Healthdirect Free Australian health advice you can count on.

Medical problem? Call 1800 022 222. If you need urgent medical help, call triple zero immediately

healthdirect Australia is a free service where you can talk to a nurse or doctor who can help you know what to do.

beginning of content

CATT – the crisis assessment and treatment team

3-minute read

If someone has tried to harm themselves or someone else, or you think they are about to, call triple zero (000) immediately.

A crisis assessment and treatment team (CATT) provides immediate help during a mental health crisis. Experiencing or caring for someone during a mental health crisis can be frightening but help is available 24 hours a day.

What is a crisis assessment and treatment team?

A CATT is a group of people who work together and includes mental health professionals such as psychiatric nurses, social workers, psychiatrists and psychologists.

What does a CATT do?

A CATT responds to urgent requests to help people in mental health crisis 24 hours a day, 7 days a week. A mental health crisis can include:

It might be the flare-up of an existing condition like schizophrenia or someone's first experience of mental illness. There might be an obvious cause for the crisis, or there might not be.

Whether at home or elsewhere, the CATT assesses the person's current mental state, their psychiatric history, what social support they have and more. They will work with the person involved and their family and/or carer to determine the best way to help.

One option is to provide intensive treatment, care and support at home, and this is what they hope to do. But there are times when treatment in hospital is needed. If so, they will help the person get to hospital by arranging referrals and transport.

CATTs also work with other services such as police, ambulance, alcohol and drug services, child protection and community services where necessary.

How do I get help?

If you need help now, call your state's mental health crisis line for immediate expert support. They will help you work out which services can best help. This could be the doctor, a hospital emergency department or a community mental health service. Sometimes, the CATT will be sent to you, wherever you are.

  • ACT - 1800 629 354 FREE– Mental Health Triage Service
  • NSW - 1800 011 511 FREE – Mental Health Line
  • NT - 1800 682 288 – Northern Territory Crisis Assessment Telephone Triage Service
  • QLD - 1300 MH CALL (1300 64 22 55) FREE - 24-hour specialist mental healthcare
  • SA - 13 14 65 FREE – Mental Health Triage Service
  • TAS - 1800 332 388 FREE – Mental Health Services Helpline
  • VIC - Victoria's Mental Health Services FREE – Psychiatric triage (information, assessment and referral) 24 hours a day, 7 days a week. See website for services in your area.
  • WA - 1800 676 822 FREE – Mental Health Emergency Response Line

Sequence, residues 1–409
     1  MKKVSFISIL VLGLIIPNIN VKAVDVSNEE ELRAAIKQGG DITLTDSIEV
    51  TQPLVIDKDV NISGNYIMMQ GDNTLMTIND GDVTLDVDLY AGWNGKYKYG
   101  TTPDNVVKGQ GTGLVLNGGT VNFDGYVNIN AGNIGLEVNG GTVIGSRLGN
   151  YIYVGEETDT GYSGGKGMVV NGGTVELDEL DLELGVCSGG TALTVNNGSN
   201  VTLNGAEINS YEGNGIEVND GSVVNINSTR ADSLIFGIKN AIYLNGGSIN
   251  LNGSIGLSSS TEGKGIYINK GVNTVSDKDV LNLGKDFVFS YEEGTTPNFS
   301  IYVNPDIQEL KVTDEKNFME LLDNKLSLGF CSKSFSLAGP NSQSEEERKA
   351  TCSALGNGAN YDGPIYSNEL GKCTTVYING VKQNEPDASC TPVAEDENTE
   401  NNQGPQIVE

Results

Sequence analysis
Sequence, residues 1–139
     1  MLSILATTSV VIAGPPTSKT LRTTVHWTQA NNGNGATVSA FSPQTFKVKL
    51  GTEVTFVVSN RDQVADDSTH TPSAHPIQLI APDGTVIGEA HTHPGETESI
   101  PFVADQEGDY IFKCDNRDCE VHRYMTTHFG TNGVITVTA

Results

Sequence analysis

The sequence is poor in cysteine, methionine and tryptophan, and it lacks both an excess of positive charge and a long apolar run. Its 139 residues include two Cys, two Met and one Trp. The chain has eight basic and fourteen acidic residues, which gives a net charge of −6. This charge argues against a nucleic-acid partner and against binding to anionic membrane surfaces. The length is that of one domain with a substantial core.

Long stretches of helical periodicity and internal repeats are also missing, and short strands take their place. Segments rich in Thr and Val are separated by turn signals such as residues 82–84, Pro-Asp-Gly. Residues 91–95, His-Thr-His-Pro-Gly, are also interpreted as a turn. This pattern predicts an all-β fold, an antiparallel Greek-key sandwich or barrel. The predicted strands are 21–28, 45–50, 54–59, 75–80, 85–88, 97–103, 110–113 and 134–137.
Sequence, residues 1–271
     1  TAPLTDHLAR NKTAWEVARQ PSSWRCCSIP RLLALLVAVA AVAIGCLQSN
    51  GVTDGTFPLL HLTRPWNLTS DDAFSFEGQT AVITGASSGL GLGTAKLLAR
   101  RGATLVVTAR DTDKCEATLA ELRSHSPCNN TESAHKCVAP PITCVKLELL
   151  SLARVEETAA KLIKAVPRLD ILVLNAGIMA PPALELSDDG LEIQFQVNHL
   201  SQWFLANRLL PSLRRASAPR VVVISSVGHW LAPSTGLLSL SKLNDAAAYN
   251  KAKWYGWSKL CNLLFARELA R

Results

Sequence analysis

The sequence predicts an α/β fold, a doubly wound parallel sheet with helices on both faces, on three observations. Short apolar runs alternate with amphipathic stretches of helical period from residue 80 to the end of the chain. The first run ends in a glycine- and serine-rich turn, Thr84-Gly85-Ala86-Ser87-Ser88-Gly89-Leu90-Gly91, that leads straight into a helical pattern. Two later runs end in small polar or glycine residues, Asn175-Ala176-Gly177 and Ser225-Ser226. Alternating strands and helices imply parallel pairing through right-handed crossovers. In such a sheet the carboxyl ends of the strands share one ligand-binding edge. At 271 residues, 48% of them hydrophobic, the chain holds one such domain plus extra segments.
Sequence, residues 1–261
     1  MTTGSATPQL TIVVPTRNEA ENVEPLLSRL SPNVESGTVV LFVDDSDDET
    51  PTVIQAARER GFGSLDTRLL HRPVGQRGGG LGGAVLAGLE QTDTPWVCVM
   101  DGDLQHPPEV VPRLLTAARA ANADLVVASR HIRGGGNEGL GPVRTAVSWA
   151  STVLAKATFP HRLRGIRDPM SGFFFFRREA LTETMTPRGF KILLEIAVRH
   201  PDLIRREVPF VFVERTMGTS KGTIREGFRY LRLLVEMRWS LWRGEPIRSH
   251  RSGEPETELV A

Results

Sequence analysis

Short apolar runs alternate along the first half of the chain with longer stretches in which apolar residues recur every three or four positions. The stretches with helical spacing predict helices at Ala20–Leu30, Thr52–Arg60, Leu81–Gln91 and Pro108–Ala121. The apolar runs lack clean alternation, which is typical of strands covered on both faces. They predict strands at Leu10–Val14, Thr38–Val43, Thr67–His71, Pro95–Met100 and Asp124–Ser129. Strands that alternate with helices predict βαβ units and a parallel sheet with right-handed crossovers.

What happens after the CATT has helped?

The CATT will make sure you are supported during the crisis. Once the crisis has passed, the CATT then provides referrals to health and community services that can provide longer-term care.

Are CATTs the same across Australia?

CATTs are called by different names across Australia, but they perform essentially the same roles. They're known as:

The NSW Police Force has a similar team called the Mental Health Intervention Team.

For more information

You can find more help and support at:

If you're not sure what to do, call healthdirect on 1800 022 222 or use the healthdirect symptom checker.


Psychiatric Bulletin (Service Innovations: An Australian approach to community care – the Northern Crisis Assessment and Treatment Team), Victoria Department of Health (Mental Health Service Delivery, Acute Community Intervention Service Guidelines)

Learn more here about the development and quality assurance of healthdirect content.

Last reviewed: October 2017

Need more information?

These trusted information partners have more on this topic.

Top results

Crisis Support

Crisis Support A crisis is someones personal reaction to an event or experience in their life they find hard to cope with

Read more on Lifeline website

Community Engagement Officers - Australian Government Department of Human Services

We can help you access information, payments and services if you are having a difficult time accessing mainstream department services.

Read more on Centrelink website

Suicide prevention

Everyone in the workplace should learn about the warning signs for suicide and how to spot if a colleague could be at risk.

Read more on beyondblue website

A parent's story about self-harm - ReachOut Parents

Read Rick's story about his son Carl who was self-harming.

Read more on website

What to do after someone dies - Better Health Channel

When someone dies, it will help you to have a written plan of what you need to do including who you need to contact.

Read more on Better Health Channel website

Suicide and teenagers - ReachOut Parents

Understand the causes and risks of youth suicide and what to look out for in your teenager.

Read more on website

Looking after yourself and your family after a disaster

This booklet is for adults and is designed to help you understand the reactions you – or someone you know – may be experiencing. It contains practical advice, numbers to call and websites to visit if you need extra information or support.

Read more on beyondblue website

Healthdirect 24hr 7 days a week hotline

24 hour health advice you can count on

1800 022 222

Government Accredited with over 140 information partners

We are a government-funded service, providing quality, approved health information and advice

Australian Government, health department logo ACT Government logo New South Wales government, health department logo Northen Territory Government logo Government of South Australia, health department logo Tasmanian government logo Government of Western Australia, health department logo